In the early 1980s, the Covington-Cincinnati Suspension Bridge Committee was formed to preserve and enhance the crossing through private financing. 6 The group funded its first project in 1984 and installed “necklace” lighting to accentuate the cables at the cost of $220,000, restored the bridge’s spires, and painted them with gold leaves at the cost of $60,000, which the state of Kentucky later absorbed. Additionally, the Covington-Cincinnati Bridge was renamed after Roebling, the original designer of the span. 1

In 1996, the Kentucky Transportation Cabinet (KYTC) completed $10 million worth of repairs to the Roebling Bridge in an effort to extend the service life on the crossing. 8 A $6 million contract was awarded in 1998 to paint the bridge, but the work was never performed because of construction relating to the Fort Washington Way project in downtown Cincinnati. 4 The Covington City Commission adopted a resolution in 2001 to have the bridge painted “Kentucky Wildcat blue,” although others lobbied for a light brown or Spanish brown color. 5 An unscientific survey of bridge walkers in 2002 found that verdigris, a shade of green that is tinted to blue, was favored, although it was discovered by KYTC that the sandstone-tan color was more historic.

KYTC allocated $7 million towards the repainting of the Roebling Bridge in 2005 5 after it was announced that the color of the crossing would be repainted in verdigris. 7 Unrelated, the highway agency commenced a $1.2 million project to repair the sidewalks and perform structural improvements to the bridge. The Roebling was closed for 5½ months beginning in November 2006 for more extensive structural and electrical work at the cost of $3.1 million, 11 which included replacing suspension rods, floor beams, asphalt sidewalks, and writing. 9 A provision was made to repaint the bridge although this did not occur.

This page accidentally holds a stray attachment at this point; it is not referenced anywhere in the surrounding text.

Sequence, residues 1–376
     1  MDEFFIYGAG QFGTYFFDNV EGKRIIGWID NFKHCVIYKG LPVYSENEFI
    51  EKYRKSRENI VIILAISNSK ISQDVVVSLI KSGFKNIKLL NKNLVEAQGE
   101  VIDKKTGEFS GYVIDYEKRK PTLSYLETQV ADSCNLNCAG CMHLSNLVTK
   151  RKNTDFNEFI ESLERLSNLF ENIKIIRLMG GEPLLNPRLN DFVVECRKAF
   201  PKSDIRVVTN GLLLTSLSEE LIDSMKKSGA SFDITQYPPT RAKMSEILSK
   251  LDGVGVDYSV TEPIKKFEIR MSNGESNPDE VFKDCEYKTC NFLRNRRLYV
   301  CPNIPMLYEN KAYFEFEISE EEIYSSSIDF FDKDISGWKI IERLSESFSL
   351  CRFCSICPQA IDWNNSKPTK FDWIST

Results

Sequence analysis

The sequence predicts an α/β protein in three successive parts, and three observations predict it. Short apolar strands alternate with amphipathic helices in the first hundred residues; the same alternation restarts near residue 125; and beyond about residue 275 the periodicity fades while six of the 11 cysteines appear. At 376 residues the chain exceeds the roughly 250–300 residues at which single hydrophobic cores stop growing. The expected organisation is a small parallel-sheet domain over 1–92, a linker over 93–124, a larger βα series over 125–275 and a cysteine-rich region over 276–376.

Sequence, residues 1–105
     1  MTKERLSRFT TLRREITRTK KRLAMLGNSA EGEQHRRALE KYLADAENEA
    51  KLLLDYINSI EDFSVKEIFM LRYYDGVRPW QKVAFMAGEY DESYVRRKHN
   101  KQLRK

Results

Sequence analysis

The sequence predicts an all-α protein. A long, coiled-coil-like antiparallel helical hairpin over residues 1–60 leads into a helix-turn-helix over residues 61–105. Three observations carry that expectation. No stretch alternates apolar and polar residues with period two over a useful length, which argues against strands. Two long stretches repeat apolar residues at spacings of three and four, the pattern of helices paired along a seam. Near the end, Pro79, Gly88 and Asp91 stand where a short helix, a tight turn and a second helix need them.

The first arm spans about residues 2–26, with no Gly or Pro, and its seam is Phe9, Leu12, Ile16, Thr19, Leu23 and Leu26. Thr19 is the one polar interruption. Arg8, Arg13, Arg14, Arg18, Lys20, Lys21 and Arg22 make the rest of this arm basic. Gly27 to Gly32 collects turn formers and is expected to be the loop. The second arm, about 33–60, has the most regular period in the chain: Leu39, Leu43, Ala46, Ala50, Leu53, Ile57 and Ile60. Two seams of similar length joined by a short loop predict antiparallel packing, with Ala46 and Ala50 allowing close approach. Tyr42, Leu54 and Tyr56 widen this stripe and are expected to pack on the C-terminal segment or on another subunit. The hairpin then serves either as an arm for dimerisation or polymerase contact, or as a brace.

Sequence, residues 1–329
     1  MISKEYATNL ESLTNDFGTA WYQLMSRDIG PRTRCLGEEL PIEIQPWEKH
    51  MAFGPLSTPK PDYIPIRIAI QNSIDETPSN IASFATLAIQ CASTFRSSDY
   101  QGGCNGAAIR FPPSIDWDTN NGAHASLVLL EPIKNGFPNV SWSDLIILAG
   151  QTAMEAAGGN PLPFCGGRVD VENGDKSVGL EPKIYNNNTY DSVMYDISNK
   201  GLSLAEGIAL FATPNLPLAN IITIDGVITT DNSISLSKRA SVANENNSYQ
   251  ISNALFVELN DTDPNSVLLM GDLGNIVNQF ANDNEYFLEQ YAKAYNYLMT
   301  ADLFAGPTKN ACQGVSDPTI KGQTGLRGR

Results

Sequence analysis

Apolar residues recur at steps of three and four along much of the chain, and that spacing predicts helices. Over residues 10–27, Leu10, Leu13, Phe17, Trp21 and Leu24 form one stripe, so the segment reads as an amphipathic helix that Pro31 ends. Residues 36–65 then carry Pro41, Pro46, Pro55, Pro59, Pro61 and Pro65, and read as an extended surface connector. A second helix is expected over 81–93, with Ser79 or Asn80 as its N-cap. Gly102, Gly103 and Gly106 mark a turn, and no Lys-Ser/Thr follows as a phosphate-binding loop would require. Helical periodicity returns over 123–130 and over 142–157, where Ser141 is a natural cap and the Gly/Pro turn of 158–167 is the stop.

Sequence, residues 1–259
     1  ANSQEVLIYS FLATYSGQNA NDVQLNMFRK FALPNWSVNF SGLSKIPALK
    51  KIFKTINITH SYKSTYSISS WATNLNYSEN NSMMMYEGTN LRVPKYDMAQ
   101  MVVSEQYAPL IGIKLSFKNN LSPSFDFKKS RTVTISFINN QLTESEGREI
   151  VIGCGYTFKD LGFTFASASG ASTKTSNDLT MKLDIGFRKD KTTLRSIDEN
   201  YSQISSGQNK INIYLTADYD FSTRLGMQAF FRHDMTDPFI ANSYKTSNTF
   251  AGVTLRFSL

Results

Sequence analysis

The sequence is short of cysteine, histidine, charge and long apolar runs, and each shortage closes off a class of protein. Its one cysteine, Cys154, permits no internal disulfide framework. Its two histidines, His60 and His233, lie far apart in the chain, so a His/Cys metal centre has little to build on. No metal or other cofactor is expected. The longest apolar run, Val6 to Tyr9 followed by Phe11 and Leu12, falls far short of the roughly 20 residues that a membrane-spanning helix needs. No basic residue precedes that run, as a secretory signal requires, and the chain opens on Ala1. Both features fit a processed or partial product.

The Roebling Bridge reopened to traffic in March 2007. 12 Following the reopening, there was a push by the Covington City Council to ban buses operated by the Transit Authority of Northern Kentucky (TANK) from using the Roebling Bridge. 13 The city had requested that the current weight limit of 22 tons be reduced due to damage the buses were causing to the 135-year-old crossing. KYTC, working with the University of Kentucky College of Engineering, performed a structural study of the bridge to determine an acceptable weight limit. 14 TANK, in response, noted that 19 of the bus system’s 26 routes cross the Roebling to downtown Cincinnati and that using alternate routes would add at least $400,000 in costs to TANK’s operating cost every year. 13 Nevertheless, KYTC reduced the Roebling’s weight limit to 11 tons on September 11, 2007. 15

Repainting of the bridge was scheduled to begin in April 2007 although this was delayed until April 2008. 16 The repainting project was delayed for another two years as no funding had been allocated for the project.